There is an interesting myopia at work here and Egerton comes so close to a really valuable insight without ever quite getting there. The blacks in the north who achieved their freedom were able to do so because of the 10th amendment to the Constitution, “The powers not delegated to the United States by the Constitution, nor prohibited by it to the States, are reserved to the States respectively, or to the people.” , which is the ultimate recognition of the principle that ALL POLITICS IS LOCAL. In the instances cited Massachusetts and Delaware were free to allow or deny freedom to slaves just as Virginia was free to try and hang those guilty of insurrection.
Everyone wants to get all warm and fuzzy over the Preamble to the Constitution without realizing that what is being said is that in order to do these generally accepted good things we commit to do the following specific things. By the time the Bill of Rights had gotten drafted the elegant, if equivocal, prose had given way to no less eloquent, but a good deal less equivocal, prose when it’s preamble stated, “in order to prevent misconstruction or abuse of its powers, that further declaratory and restrictive clauses should be added: And as extending the ground of public confidence in the Government, will best ensure the beneficent ends of its institution.”
Finally, what has to be realized is that there is a huge difference between liberty and equality. Liberty – being the condition of being free – may be granted by law. Equality – being a condition wherein both the civic and private virtues are attained and practiced – can never be legislated into existence.
Death or liberty : African Americans and revolutionary America Douglas R. Egerton United States , History , Revolution, 1775-1783 , Africans Oxford ; New York : Oxford University Press, 2009 Hardcover. 1st. ed. and printing. x, 342 p. : ill., maps, ports. ; 24 cm. Includes bibliographical references (p. -332) and index. Clean, tight and strong binding with clean dust jacket. No highlighting, underlining or marginalia in text. VG/VG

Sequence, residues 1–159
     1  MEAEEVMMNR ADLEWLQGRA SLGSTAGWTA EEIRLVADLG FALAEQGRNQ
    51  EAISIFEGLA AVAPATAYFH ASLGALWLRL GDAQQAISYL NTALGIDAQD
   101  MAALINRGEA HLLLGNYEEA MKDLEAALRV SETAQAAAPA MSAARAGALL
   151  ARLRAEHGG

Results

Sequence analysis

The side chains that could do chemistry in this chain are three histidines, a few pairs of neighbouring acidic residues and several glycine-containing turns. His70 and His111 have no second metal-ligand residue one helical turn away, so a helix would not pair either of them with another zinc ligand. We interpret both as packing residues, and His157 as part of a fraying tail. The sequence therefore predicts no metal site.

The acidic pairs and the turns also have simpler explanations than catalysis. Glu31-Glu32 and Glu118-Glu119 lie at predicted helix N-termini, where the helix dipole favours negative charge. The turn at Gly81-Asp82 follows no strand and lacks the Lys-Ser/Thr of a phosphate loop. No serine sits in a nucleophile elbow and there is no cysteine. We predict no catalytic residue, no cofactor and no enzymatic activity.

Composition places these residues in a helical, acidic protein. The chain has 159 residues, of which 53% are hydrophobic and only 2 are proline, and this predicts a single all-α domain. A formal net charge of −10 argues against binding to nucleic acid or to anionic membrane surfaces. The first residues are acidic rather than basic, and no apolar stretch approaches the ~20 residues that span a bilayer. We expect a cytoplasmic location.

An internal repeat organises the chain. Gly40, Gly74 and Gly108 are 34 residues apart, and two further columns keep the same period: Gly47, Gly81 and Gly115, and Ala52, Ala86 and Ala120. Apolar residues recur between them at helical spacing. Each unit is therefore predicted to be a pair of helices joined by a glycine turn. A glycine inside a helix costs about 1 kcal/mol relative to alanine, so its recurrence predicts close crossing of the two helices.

While American slavery is usually identified with the cotton plantations, Egerton shows that on the eve of the Revolution it encompassed everything from wading in the South Carolina rice fields to carting goods around Manhattan to serving the households of Boston’s elite. More important, he recaptures the drama of slaves, freed blacks, and white reformers fighting to make the young nation fulfill its republican slogans.
Although this struggle often unfolded in the corridors of power, Egerton pays special attention to what black Americans did for themselves in these decades, and his narrative brims with compelling portraits of forgotten figures such as Quok Walker, a Massachusetts runaway who took his master to court and thereby helped end slavery in that state; Absalom Jones, a Delaware house slave who bought his freedom and later formed the Free African Society; and Gabriel, a young Virginia artisan who was hanged for plotting to seize Richmond and hold James Monroe hostage.
Egerton argues that the Founders lacked the courage to move decisively against slavery despite the real possibility of peaceful, if gradual, emancipation. Battling huge odds, African American activists and rebels succeeded in finding liberty – if never equality -only in northern states.
Canvassing every colony and state, as well as incorporating the wider Atlantic world, Death or Liberty offers a lively and comprehensive account of black Americans and the Revolutionary era in America.